After moving his family into a temporary log structure, Captain Martin began construction on a frame that would later become one of the finest in the country prior to the Civil War. Captain Martin continued to prosper by growing tobacco and having it shipped to New Orleans by flatboat. Between 1840 and 1850, he had advanced both economically and politically both locally and statewide. In 1852, recognizing the significance of the railroad, Martin campaigned to have the Hickman and Obion Railroad add a connection to their already existing Union City - Hickman route. Desperate to have the railroad pass through his property led he personally subscribed five thousand dollars to insure its construction. However, his private subscription was inadequate to complete the road so the citizens of the region were requested to levy a tax for the necessary funds. Martin s hard work for the tax were essential in securing a favorable margin for subscription. Yet, it was not until 1857 when the Tennessee Supreme Court voted to approve the railroad s expansion through Weakley County. The track would eventually be completed just after the start of the Civil War in 1861.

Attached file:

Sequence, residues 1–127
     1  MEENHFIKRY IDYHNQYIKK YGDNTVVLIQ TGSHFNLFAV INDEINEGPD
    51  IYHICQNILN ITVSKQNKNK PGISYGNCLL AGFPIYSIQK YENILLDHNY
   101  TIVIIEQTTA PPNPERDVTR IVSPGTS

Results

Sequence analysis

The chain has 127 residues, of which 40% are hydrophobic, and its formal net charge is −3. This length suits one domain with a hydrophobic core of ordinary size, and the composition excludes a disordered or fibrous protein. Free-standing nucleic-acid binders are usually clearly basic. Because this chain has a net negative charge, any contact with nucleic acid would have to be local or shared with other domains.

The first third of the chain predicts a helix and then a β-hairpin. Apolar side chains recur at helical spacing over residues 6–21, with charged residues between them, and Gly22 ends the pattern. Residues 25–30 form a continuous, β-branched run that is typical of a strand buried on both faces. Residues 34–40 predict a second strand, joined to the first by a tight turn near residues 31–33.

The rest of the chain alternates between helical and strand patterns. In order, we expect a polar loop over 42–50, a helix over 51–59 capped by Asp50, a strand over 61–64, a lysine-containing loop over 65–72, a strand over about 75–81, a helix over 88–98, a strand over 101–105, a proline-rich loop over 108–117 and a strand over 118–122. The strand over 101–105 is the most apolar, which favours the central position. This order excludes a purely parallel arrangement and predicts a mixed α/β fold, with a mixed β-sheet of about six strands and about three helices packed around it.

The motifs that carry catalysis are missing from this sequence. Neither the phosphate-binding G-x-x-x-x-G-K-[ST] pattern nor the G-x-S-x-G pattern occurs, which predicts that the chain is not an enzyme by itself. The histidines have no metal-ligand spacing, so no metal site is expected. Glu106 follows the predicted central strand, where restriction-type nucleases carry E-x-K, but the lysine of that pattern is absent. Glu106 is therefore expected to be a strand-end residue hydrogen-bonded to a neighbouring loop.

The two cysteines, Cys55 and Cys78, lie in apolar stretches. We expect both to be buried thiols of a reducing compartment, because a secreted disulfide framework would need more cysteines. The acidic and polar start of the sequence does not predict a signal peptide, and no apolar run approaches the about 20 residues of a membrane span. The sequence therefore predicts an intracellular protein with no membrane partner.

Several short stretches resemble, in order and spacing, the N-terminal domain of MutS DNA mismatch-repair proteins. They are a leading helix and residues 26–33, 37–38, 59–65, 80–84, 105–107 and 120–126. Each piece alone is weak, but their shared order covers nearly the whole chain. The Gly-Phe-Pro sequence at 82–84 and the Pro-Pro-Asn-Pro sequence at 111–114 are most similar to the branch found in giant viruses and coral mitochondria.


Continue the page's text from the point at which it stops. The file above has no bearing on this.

Captain Martin died in 1859 prior to seeing his vision of a completed railroad through his adopted county. His will left approximately 2,500 acres of land to his five surviving children. In 1872, the sons of Captain Martin, led by George W. Martin, launched a campaign to entice the Mississippi Central Railroad to reroute there proposed railroad through their land. The offer was taken and the intersection of the Nashville and Northwestern Railroad (previously known as Hickman and Obion) and the Mississippi Central is presently the site of Martin, Tennessee which was named in honor of Captain William Martin.